Ati Atihan - The Marti Gras of the Philippines
Trip Start Dec 28, 2011
11Trip End Jan 30, 2012
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Upon return from Boracay, there was still a day before Allan was to arrive, so the family brought Andoy over to keep me entertained. He was quiet too, as was I...It was a rainy day so I spend the time downloading pictures and updating the blog and doing some facebooking.
My desk while here is a table on the front veranda. It really is no different from being indoors and here there is a breeze.
The day was uneventful, and we were up early to the airport to pick up Allan. We waited a bit and were allowed entry into the arrival area by Dong Dong who is working as a fire fighter at the airport
The rest of the day was adjustment day and jet lag day for Allan. I walked around Lezo a bit, but we mostly stayed home.
The next day we were into Kalibo for some shopping, and Allan wanted a haircut, so we went to his local stylist Francis, who was in his shop full of lady boys.
Wednesday was our first forray into Kalibo for Ati Atihan. This is an 800 year old festival which is well described on this link about the Ati Atihan.
Wednesday was mostly rehearsal. Now saying this, there were rehearsals going on all week. Even in Lezo we heard the drums practicing, and driving around we saw lots of drum groups setting up and practicing. However on Wednesday they actually got to start marching, dancing and playing on the streets of Kalibo. That party had begun. All the central streets were closed off from traffic, hundreds of vendors were out selling everything from trinkets and souveniers on the street to beer and bottles of rum.
Not many costumes on Wednesday, but there were a few, and the drum beat was everywhere.
Thursday was Student Day, traffic was terrible on the way in...its a busy highway at the best of times with this town swelling to three times its size during the day with workers and students
Afterwards we met up with some of the school kids at the mall, and then went for dinner with some of Allan's classmates at Lorraine's Tapsi. Food was great.
Next day we attended a different Ati Atihan in the town of Malinao which is next to Lezo. While smaller, there is no less enthusiasm and the town show up for all the fun. It started to rain during the procession, but that never stopped anyone.
Allan's cousins Poten and Bedoy were both in the procession with their school, and Poten was her typical shy self, while Christian was just wondering who was taking his picture....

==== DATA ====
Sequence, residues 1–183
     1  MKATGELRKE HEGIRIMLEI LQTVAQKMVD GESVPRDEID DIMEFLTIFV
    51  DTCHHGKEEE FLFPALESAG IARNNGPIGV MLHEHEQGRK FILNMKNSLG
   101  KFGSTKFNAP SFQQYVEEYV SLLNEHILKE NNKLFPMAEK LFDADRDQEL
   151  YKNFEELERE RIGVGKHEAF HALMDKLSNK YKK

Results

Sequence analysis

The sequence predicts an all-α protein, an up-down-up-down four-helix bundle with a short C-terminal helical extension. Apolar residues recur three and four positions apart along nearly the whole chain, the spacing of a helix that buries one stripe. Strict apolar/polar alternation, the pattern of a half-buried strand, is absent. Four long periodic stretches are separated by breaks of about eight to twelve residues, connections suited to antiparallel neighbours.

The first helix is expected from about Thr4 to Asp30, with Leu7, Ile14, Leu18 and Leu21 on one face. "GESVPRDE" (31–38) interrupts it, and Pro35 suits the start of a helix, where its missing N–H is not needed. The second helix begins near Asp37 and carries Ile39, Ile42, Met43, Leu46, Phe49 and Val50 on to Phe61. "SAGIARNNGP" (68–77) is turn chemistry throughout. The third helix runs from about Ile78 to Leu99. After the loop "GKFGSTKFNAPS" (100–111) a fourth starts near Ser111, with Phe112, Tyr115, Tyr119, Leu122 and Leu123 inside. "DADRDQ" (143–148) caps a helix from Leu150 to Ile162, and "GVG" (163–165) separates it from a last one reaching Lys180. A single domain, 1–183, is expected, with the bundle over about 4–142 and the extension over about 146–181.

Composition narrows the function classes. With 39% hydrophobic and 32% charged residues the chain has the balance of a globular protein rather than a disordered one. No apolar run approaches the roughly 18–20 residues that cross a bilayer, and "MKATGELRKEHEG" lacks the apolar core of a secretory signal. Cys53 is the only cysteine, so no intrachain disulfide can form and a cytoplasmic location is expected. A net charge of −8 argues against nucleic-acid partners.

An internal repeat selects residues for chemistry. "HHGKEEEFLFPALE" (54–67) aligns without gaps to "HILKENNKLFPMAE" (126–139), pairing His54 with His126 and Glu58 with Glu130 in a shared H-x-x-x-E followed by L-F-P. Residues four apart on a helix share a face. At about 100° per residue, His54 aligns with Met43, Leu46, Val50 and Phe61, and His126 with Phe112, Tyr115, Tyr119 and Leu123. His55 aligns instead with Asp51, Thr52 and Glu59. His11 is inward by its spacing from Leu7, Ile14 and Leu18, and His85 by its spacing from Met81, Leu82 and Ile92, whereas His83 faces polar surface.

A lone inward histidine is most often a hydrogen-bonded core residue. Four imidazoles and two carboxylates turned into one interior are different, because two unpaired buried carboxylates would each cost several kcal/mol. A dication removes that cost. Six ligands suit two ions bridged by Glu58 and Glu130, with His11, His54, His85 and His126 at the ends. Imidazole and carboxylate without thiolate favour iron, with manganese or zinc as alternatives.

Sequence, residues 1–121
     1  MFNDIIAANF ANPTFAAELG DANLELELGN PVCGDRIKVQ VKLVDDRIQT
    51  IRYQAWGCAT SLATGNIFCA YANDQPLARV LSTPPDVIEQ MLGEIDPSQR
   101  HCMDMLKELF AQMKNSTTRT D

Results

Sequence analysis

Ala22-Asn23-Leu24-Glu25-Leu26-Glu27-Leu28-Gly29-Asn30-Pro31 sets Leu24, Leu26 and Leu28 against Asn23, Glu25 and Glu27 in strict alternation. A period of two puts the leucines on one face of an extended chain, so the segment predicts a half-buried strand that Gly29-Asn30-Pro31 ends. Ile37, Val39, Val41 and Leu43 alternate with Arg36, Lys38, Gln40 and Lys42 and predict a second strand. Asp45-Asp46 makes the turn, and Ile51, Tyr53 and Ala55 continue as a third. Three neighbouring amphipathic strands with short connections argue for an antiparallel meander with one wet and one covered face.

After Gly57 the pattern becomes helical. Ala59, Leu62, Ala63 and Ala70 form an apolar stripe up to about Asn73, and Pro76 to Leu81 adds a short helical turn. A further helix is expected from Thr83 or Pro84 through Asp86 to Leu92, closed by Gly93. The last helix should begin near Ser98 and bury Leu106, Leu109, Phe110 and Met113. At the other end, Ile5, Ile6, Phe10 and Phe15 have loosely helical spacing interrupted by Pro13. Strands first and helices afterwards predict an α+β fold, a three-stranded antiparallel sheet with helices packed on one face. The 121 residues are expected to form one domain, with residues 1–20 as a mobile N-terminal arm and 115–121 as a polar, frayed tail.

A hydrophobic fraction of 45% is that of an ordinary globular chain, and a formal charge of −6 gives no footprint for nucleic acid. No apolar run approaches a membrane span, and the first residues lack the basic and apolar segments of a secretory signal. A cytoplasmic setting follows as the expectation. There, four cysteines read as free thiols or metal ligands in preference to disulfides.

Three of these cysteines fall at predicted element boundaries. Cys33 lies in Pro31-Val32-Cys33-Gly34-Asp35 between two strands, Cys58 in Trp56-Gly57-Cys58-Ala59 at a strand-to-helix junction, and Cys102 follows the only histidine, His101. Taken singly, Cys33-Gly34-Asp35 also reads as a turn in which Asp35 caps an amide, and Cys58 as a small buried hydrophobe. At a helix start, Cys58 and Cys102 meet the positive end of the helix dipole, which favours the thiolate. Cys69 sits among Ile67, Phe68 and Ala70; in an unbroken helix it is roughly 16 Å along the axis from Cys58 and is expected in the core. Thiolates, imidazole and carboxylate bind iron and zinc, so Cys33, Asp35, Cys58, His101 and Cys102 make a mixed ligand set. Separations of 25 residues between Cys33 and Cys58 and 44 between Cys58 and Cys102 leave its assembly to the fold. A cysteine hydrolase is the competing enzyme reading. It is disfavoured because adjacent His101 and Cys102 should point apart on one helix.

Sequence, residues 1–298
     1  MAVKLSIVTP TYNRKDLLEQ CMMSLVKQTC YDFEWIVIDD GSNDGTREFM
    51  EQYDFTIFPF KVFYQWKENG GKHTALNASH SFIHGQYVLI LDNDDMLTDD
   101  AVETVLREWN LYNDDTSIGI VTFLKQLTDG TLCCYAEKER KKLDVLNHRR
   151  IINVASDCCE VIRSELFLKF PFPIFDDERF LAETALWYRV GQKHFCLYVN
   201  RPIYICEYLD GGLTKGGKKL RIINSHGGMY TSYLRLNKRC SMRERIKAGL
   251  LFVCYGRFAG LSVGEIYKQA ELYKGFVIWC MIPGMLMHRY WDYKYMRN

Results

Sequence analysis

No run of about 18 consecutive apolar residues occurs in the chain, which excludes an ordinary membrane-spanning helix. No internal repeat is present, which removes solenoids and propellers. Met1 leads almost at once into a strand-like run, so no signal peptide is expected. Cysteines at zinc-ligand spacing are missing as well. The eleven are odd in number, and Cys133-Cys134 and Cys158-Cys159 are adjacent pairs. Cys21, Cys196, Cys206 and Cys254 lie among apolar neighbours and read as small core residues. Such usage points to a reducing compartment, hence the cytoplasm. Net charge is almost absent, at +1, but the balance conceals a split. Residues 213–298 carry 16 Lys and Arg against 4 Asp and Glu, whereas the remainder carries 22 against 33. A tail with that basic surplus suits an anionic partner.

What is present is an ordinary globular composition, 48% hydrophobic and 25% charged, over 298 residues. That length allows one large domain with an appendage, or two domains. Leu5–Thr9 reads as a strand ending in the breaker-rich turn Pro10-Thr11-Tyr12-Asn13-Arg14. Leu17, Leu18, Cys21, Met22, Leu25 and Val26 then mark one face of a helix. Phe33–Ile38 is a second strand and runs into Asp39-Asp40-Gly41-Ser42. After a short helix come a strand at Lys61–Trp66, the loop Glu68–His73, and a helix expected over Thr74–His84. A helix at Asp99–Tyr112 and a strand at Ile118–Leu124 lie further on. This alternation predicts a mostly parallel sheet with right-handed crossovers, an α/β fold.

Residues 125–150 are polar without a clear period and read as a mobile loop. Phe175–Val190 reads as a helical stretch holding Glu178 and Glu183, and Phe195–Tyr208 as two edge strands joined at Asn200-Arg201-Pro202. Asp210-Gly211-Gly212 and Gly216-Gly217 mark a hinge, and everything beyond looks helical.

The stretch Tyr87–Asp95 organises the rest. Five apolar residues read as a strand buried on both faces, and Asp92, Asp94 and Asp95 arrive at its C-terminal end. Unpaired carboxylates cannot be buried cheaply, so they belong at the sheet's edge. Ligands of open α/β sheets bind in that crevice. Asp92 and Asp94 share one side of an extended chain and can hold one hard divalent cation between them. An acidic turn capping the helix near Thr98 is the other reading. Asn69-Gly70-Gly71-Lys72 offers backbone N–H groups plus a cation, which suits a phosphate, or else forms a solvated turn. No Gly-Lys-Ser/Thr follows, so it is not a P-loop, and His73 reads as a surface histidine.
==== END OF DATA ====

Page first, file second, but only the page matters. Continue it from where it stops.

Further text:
The day was fun, and a good relax before the big two days in Kalibo.
Friday we were supposed to march with the Aklan Camera Club, and when we arrived the procession had started so as we looked for them, it started to rain a bit. A vendor approached with an umbrella, but we decided we didn't want one...bad choice....as the Camera Group found us the rain started really coming down. We marched a bit and got totally soaked before escaping to a tented area. We got smart and bought an unbrella for about 5 bucks and then a few minutes later, we bought another. We situated ourselves near a corner, and of course the rain stopped...but we got lots of great pictures....
Sunday is the big day, the processions include floats for the Santa Nino....and it was a nice day all day!
Some random thoughts:
- Filipinos love to party. There was more booze in this parade than a normal bar month!
- Filipinos love their pictures taken - so many wanted me to take their photo while posing with their friends.
- They also love to have me in their pics....many times during the day people came up to me wanting me to pose in their pictures
- There is no drinking age in the Philippines. I saw kids as young as 7 or 8 toting beers and saw one young teen sharing his beer with a toddler.
- Sharing people though - if i had taken one drink from everyone who offered, I likely would not have made it home that night!
- My ears rang each night from the drumming....It was LOUD and never stopped
- While there is some organization, this event thrives on the bands being in charge and they basically marched as they pleased, with marchers meeting face to face more than once. When some bands were alongside each other then tried to out drum each other....then the volume really went up.
- Pretty much whereever you go in the Philippines young children will be out begging for money. I was more impressed this trip, most of the children were collecting bottles and cans for the deposit money instead of begging. (a few did beg, and I am reluctant to give anything as it might just start a large group trying to get money from me) I always looked out for a child with a huge bag of bottles instead of looking for a garbage though.
- In the pictures you will see many people with their faces blackened; this is to celebrate the Ati, the original inhabitants of the islands. If you were not blackened they sure tried to make you blacker. I got hit once by a guy who grabbed my face with his hands all blackened